Many professionals today experience a dilemma where they must make a choice between being good humans and being good at their job. They are left to wonder how the principles of love, generosity, fairness, reciprocity, and trust that they know to be true about life in general, do not apply at work. Some resort to the unfortunate conclusion that cold selfish behaviour is “natural” for human beings in economic situations. This is false. One of the prime reasons for moral listlessness at the workplace lies buried in mainstream economic theory.
This article highlights the points of distinction and compatibility between the Islamic and mainstream economics framework. The distinction comes in the decision horizon and the addition of moral filters on the choice set. The difference also appears explicit when one looks at the encouragement and incentive structure for pure altruism in a two-worldly Islamic framework. The distinction is even deeper in values whereby the Islamic framework encourages contentment, pure altruism and self-less behaviour while the mainstream economics framework is at best neutral between the moral content of economic choices.
This article looks at some of the descriptive and prescriptive teachings of Al-Quran and Sunnah (Ways of Prophet Muhammad [pbuh]) on consumption and spending behaviour.
A great number of empirical studies now challenge the position of conceptualising human behaviour only in the framework of a rational, utility-maximizing homo-economicus. Yet, this framework is used for the purpose of simplicity and tractability in situations where abstraction does not result in major loss of focus and information at hand.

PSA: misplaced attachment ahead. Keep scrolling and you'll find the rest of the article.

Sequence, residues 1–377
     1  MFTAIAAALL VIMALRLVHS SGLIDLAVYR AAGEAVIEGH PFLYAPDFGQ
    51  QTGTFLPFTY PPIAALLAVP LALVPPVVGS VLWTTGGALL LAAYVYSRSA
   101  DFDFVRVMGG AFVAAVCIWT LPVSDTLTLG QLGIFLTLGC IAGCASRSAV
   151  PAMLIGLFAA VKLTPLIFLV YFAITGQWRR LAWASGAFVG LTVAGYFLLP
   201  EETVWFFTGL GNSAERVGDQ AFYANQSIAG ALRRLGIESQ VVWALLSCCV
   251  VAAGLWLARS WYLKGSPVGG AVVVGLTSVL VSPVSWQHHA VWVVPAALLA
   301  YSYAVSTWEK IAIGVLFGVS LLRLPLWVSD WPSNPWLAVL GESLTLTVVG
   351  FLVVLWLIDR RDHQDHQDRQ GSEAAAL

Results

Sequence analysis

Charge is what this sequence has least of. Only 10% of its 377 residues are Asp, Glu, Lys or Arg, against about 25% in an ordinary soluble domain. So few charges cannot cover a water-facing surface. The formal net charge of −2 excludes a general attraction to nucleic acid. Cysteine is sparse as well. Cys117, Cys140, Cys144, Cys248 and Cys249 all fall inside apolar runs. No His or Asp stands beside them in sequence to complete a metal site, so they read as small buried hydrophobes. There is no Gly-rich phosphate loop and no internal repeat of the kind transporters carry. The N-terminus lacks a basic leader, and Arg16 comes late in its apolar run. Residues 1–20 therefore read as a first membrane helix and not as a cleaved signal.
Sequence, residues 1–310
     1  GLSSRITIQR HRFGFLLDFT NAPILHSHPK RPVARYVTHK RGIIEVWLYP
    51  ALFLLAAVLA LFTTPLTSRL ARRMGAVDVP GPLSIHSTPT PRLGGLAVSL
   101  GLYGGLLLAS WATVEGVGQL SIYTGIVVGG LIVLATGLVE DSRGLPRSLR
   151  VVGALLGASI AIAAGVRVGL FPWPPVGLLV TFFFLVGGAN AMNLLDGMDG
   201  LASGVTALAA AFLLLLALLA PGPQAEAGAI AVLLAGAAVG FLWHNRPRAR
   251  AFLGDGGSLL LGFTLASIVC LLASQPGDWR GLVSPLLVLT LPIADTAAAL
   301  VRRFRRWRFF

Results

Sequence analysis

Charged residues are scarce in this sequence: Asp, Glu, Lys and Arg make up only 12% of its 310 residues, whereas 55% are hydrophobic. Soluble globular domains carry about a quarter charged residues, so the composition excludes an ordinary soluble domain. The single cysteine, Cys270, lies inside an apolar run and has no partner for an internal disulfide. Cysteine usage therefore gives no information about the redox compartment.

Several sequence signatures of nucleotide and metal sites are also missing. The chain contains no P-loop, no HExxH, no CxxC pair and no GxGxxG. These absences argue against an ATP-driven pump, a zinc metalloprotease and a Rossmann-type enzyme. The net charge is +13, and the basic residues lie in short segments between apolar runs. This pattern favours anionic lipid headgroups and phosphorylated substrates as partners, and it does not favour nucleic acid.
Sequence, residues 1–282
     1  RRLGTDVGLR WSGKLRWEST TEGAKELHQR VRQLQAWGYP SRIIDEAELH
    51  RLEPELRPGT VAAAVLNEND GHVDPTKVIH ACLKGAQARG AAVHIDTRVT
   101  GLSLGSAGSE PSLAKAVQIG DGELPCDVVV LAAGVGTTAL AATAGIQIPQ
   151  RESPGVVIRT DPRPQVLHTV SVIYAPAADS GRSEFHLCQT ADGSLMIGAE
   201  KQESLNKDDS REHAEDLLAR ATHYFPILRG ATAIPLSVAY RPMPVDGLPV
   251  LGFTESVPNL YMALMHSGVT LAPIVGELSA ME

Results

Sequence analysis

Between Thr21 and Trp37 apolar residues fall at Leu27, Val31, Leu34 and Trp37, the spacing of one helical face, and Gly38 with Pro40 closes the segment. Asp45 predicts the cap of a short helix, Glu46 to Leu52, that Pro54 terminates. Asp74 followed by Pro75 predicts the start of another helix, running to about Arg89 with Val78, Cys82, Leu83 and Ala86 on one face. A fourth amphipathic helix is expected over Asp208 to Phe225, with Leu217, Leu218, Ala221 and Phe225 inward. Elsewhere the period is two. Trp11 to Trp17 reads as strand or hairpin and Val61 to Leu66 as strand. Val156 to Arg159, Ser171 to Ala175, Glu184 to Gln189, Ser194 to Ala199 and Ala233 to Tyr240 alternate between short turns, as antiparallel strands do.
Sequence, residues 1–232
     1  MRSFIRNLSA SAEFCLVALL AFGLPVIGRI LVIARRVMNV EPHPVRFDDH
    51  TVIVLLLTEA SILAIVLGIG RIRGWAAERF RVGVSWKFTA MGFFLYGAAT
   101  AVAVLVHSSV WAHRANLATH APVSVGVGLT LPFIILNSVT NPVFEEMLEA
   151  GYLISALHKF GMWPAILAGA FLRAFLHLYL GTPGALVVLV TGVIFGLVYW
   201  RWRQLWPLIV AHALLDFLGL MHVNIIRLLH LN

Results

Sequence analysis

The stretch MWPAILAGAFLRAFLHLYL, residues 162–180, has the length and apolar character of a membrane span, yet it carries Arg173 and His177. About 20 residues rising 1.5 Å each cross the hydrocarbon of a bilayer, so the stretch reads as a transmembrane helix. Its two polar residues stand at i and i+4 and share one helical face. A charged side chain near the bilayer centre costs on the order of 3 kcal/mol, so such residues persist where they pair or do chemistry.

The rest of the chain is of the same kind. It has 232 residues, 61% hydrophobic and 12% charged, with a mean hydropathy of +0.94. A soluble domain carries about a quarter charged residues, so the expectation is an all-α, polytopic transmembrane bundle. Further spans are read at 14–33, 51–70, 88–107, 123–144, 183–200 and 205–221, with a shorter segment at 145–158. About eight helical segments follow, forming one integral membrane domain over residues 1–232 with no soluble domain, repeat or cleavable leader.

On the social equality front, the one paying interest becomes a slave of those who lent him money since the burden gets bigger over time. This leads to dependency and leaves self-empowerment as mere fantasy and ultimately leads towards loss of self-identity, self-honor and destruction of humanity.
Famine, death from hunger and debt enslavement is the fact of life for the half of the people on earth not because that overall, the societies have scarce resources, but because the distribution of resources is inequitable as empirically proven by Nobel Laureate Amartya Sen and noted by Thomas Piketty in his recent book ‘Capital in the Twenty First Century’.
As much as people can be selfish, they can be altruist as well. They have free will and they can be as much responsible as they can be reckless. What we need is a conditioning mechanism that nurtures positive tendencies.
Message of Islam invites people of all faiths, race, color, region and gender towards its message of peace, excellence of character and living in harmony with nature and environment.
A market in which there are many producers serving differentiable products is known as monopolistic competition. In this market type, often producers adopt certain marketing strategies and execute marketing plans to increase their product’s appeal, demand and hence increase the sales and thereby profits. It also helps them to create brand loyalty for their products. From an Islamic perspective, there are certain principles and broad guidelines that must be followed and taken care of while advertising the products.